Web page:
Let us change the way we teach for a clean, active and innovative generation.
Julie Friedman Steele, board chair of the World Future Society says,
"With the world moving as fast as it is, we need to become a society of people who are always learning new things."
This is a challenge to face in the coming future for the education sector. Technology plays an important role in helping us to find the best resource for information and to keep up with current knowledge and skills. The role of a lecturer will change from teaching-learning process to collaborative construction of knowledge process. Lecturers will have to provide their learners with motivation and challenging learning opportunities to use higher order thinking skills and prepare them for the future jobs, such as:
- The Imagination and Creativity Sector
- Neuroscience, Enhancement, and Bio engineering
- Technology Ethics, Philosophy, and Policy
- Sustainable Future and Renewable Energy
Lecturers should be prepared to develop thinking skills and make use of ICT to promote modern teaching and guide students to validate useful information to construct their own learning and develop their personal capabilities as well as to stimulate their creative skills.
Antonia Cusumano, people & organization leader at consulting giant PwC says.
"You’re going to pull up an app from one of the many businesses out there that are doing these mini-clips of video learning. I’d like to learn 10 minutes on C++ so that I can brush up on my coding. "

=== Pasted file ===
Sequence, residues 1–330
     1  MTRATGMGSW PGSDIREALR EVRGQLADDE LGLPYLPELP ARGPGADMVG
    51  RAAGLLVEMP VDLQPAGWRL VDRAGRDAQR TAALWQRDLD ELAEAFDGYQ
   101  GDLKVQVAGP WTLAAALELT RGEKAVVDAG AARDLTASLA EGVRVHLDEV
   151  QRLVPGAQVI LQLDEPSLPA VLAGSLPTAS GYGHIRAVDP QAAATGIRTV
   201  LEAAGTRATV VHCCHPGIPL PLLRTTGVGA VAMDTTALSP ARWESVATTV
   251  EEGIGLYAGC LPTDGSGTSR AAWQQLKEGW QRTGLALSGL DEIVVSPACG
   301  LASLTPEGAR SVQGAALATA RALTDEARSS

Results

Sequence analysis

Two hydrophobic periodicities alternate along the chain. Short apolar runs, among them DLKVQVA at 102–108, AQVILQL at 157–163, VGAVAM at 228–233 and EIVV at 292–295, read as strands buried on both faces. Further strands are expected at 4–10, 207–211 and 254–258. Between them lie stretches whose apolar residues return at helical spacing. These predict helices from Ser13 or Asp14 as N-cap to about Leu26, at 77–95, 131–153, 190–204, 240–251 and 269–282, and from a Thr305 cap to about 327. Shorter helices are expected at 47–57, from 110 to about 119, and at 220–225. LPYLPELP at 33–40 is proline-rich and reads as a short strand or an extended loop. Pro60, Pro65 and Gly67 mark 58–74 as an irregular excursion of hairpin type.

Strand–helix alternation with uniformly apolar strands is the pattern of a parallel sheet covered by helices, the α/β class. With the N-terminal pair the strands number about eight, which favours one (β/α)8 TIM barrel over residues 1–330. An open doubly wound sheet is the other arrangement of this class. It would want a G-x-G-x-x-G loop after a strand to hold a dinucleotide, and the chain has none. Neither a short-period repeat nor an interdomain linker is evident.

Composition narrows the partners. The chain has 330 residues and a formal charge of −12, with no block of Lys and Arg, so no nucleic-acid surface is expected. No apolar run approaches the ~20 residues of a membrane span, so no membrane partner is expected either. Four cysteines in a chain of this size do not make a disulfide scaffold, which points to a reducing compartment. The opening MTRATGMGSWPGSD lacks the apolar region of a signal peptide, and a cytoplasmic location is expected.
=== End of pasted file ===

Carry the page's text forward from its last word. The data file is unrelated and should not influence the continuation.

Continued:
Modern teaching will require lecturers to; manage information, use problem-solving and decision-making approach, foster creativity and apply self-management strategies. This will help prepare our learners to holistically face future employment making progress in their learning and value their role as active citizens.
“If we do not change the way we teach, 30 years from now, we’re going to be in trouble,” said Jack Ma, founder of Alibaba Group, China’s e-commerce giant. The knowledge-based approach of “200 years ago”, would "fail our kids", who would never be able to compete with machines. Children should be taught “soft skills” like independent thinking, values and team-work, he said.
Evidence of Background research and literature review of best practice in instructional design, its synthesis and application to this task Instructional design models are necessary guidelines to start planning courses layouts based on four main strategies, Situations, Methods, Desired Outcomes and Instructional Conditions. Instructional design theory develops from two main categories related to each other Situations and Methods. Methods will be decided at the end of the Situation process. The Situation process will lead to Desired Outcome and Instructional Conditions.